Although body mechanics and movements of external martial arts may vary greatly from style to style, the major difference between these and the internal styles is that external styles, while generating power through the coordination of the body as a whole, lack unity of motion in the internal arts sense. For example, many external martial arts strike using the power of the waist and upper body from the base of a stable stance, the blow would be relaxed during delivery, then tightened for an instant at impact This type of strike is capable of generating a great amount of power, with the force being produced mainly by the waist and striking limb. This whipping of a limb and tensing at impact is referred to as “sectional power” ju bu li) and differs from the whole body power of internal martial arts.

The sequence of training in external martial arts also differs in purpose. In the early stages of training, external martial arts place greater emphasis on increasing strength and endurance as the “raw material” to be refined later into precise technique. Whereas the goal of internal style stance training is to train the nervous system into the feeling of a unified body, the external martial artist stands to increase the strength, endurance and flexibility. As a consequence, external stance training is usually lower and wider than that of the internal. Although an oversimplification, it may be said that the internal martial artist stands to cultivate feeling, while the external martial artist stands to develop strength.
External martial artists often spend considerable time conditioning specific areas of the body, either to withstand impact or to increase sectional power. An external martial artist may especially condition the head, fists, elbows, shoulders, fingers, or emphasize a specific movement, resulting in the development of a specialized weapon. This is another example of the development of sectional power in the external martial arts. Once the martial artist has a strong foundation, form and technique training begins. Once again, the forms and techniques emphasized in external styles are designed around the sectional power developed through basic training.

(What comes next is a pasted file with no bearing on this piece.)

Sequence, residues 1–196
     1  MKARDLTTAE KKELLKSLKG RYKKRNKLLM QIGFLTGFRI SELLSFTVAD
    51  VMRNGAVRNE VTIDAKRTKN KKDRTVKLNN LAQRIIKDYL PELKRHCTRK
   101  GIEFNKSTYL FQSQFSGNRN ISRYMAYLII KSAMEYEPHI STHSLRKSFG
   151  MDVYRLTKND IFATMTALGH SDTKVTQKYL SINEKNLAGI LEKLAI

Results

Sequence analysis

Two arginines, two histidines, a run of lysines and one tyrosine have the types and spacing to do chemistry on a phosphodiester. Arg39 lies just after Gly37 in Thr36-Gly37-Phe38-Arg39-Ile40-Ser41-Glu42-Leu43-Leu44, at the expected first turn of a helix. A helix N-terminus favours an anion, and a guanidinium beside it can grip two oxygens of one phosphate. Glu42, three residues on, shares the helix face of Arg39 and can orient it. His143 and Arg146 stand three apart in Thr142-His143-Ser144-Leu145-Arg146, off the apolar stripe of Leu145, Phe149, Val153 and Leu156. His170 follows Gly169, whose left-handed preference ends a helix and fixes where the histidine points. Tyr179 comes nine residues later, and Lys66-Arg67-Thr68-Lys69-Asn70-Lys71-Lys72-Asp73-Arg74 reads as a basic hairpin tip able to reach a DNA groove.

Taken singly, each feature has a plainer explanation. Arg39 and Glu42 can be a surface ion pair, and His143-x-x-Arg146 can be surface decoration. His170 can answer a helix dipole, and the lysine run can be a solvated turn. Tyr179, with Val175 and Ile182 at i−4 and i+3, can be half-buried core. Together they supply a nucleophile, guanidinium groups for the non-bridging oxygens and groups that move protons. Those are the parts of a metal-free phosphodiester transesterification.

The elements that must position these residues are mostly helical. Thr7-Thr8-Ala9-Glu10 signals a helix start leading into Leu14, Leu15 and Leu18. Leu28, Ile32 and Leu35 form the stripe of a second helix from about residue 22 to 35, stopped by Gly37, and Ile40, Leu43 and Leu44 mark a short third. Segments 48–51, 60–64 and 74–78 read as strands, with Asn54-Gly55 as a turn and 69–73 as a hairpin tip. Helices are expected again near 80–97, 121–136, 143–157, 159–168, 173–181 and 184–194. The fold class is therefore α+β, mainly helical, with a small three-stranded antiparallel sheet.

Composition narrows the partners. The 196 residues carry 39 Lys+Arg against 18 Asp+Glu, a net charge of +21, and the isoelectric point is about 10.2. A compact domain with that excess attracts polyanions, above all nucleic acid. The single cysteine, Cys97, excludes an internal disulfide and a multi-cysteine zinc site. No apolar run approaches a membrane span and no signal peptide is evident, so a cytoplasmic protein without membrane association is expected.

The Mindset

Another major difference between internal and external martial arts is in the approach they take to training the mind. The internal places great emphasis on mind/body unity. The Taoists realized that a relaxed body controlled by a quiet mind produced a holistic entity, capable of fulfilling its potential. At the outset of training, the internal arts place the greatest emphasis on refining and training the nervous system to control the body. In contrast, most external styles emphasize increasing strength and endurance (external power) as the base upon which martial technique will be built. Students of the internal, through mind/body unity, seek to balance the nervous and hormonal systems, thereby producing a power from within the body (nei jing or internal power). The unified power is completely dependent upon fine neuromuscular control, which is completely mentally directed. The internal martial arts also talk at great length about practicing with a quiet mind. It is often quoted that, “There should be stillness in movement,” and internal martial artists seek to remain calm in spirit as they move. One of the primary reasons internal martial arts are good for health is that one may simultaneously exercise the body and rest the mind.
Turning to external martial arts, much less emphasis is placed on a quiet mindset. In many external styles, cultivation of a state the Chinese call the “killing air” (sha qi) is preferred. The spirit is raised and directed outwardly toward the opponent, rather than inwardly, much like athletes “psyching up” before an event. An externally observable manifestation of the different mindsets is apparent in the facial expressions of the individual practitioner: the external martial artist often shouts and grimaces fiercely, while the internal boxer looks calm and may even be faintly smiling during a fight.

Source: Inside Kung Fu Magazine 1992 – Tim Cartmell
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